The Payroll Tax cut as a hidden threat to social security
Mark Thoma sees the payroll tax reduction as potentially troublesome. Though the revenue the Social Security system loses due to the tax cut will be backfilled from general revenues, the worry is that the tax cut will not expire as scheduled. That’s especially true in this case since labour markets are very unlikely to recover within the next year and it will be easy to argue against the scheduled "tax increase" for workers. In fact, it will never be a good time to increase taxes on workers and if the tax cut is extended once, as it’s likely to be, it will be hard to ever increase it back to where it was. That endangers Social Security funding – relying on general revenue transfers sets the system up for cuts down the road. For that reason, Thoma would have preferred that this be enacted in a way that produces the same outcome, but has different political optics, that is, leaving the payroll tax at 6% on the books and keep sending the money to Social Security, and fund a 2% tax "rebate" out of general revenues. The rebate would come, technically, as a payment from general revenues rather than through a cut in the payroll tax, but in the end the effect would be identical. But the technicality is important since this alternative option would have preserved the existing funding mechanism for Social Security even if the payroll cut is permanently extended.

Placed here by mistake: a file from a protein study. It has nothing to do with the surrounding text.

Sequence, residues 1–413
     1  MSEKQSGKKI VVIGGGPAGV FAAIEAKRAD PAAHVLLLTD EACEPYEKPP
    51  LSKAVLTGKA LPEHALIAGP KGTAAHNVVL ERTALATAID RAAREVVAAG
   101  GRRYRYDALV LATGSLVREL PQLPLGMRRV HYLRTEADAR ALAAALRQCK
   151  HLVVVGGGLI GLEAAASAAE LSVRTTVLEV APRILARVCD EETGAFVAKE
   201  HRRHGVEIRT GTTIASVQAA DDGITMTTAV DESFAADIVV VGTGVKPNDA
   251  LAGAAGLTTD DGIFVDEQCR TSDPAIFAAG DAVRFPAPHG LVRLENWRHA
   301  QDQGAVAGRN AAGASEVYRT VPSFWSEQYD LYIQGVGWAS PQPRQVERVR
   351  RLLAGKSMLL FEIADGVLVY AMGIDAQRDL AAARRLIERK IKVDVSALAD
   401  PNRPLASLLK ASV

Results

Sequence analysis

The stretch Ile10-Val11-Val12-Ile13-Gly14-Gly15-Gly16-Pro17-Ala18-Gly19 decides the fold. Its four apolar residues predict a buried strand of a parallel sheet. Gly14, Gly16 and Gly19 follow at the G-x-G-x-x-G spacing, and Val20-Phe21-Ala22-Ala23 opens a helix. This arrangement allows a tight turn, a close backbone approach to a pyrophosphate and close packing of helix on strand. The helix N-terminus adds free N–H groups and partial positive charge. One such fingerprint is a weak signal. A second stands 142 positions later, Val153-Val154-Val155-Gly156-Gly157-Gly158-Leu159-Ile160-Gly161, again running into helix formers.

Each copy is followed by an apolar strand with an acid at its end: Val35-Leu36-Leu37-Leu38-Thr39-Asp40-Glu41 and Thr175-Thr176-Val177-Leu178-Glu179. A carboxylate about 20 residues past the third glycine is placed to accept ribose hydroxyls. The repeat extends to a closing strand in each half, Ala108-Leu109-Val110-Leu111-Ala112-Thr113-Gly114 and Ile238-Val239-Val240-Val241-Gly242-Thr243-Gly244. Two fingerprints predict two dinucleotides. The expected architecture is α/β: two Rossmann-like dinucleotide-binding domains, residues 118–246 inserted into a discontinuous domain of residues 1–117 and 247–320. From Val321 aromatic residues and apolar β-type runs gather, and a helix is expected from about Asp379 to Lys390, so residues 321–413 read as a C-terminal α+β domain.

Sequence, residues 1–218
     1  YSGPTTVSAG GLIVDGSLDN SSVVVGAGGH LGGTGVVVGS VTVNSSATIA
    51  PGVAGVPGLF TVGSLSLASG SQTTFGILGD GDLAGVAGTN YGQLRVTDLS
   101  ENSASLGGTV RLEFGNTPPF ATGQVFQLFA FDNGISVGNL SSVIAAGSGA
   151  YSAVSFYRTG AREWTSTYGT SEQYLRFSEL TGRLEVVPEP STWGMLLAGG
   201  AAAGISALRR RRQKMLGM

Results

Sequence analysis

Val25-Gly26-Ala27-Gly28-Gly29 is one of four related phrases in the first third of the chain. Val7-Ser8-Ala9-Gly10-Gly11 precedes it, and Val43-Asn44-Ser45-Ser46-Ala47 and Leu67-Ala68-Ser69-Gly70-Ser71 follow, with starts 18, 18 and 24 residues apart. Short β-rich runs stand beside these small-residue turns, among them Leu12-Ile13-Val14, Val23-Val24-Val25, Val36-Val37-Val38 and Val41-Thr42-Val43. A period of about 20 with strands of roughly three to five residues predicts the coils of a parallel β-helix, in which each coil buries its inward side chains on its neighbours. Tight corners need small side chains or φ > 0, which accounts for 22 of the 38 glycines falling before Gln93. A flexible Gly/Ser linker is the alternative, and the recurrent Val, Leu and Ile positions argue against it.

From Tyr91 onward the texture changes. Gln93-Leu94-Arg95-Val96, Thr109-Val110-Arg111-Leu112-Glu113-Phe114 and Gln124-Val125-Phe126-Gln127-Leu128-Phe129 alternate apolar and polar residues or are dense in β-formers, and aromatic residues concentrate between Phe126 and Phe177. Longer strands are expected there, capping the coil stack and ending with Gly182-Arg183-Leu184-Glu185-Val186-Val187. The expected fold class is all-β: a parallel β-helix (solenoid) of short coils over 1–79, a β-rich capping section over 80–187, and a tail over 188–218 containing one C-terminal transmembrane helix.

The Payroll Tax cut: right cut, wrong side?
EconLog argues that Obama is giving all of it to employees, where it does the minimum good. With perfectly flexible wages, it doesn’t matter whether tax law says "employees pay" or "employers pay." Tax incidence depends on supply and demand elasticity, not legislative intent. If wages are nominally rigid, however, the law matters. If you cut a tax on employers, this reduces labour costs, increases the quantity of labour demanded, and reduces surplus labour. If you cut a tax on employees, in contrast, this increases worker compensation, increases the quantity of labour supplied, and increases surplus labour. Instead of giving the tax cut to employers, where it would do the maximum good, or splitting it evenly, where it would do intermediate good, Obama is giving all of it to employees, where it does the minimum good.